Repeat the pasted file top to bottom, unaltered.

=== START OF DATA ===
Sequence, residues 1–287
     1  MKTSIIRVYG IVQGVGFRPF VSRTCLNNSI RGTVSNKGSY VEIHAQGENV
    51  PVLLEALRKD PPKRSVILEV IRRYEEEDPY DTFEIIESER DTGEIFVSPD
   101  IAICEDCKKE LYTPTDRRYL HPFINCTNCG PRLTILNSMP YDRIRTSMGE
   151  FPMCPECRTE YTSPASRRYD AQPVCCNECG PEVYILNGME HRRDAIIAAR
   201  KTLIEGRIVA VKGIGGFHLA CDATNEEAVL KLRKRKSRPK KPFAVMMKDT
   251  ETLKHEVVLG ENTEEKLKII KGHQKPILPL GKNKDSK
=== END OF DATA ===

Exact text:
Sequence, residues 1–287
     1  MKTSIIRVYG IVQGVGFRPF VSRTCLNNSI RGTVSNKGSY VEIHAQGENV
    51  PVLLEALRKD PPKRSVILEV IRRYEEEDPY DTFEIIESER DTGEIFVSPD
   101  IAICEDCKKE LYTPTDRRYL HPFINCTNCG PRLTILNSMP YDRIRTSMGE
   151  FPMCPECRTE YTSPASRRYD AQPVCCNECG PEVYILNGME HRRDAIIAAR
   201  KTLIEGRIVA VKGIGGFHLA CDATNEEAVL KLRKRKSRPK KPFAVMMKDT
   251  ETLKHEVVLG ENTEEKLKII KGHQKPILPL GKNKDSK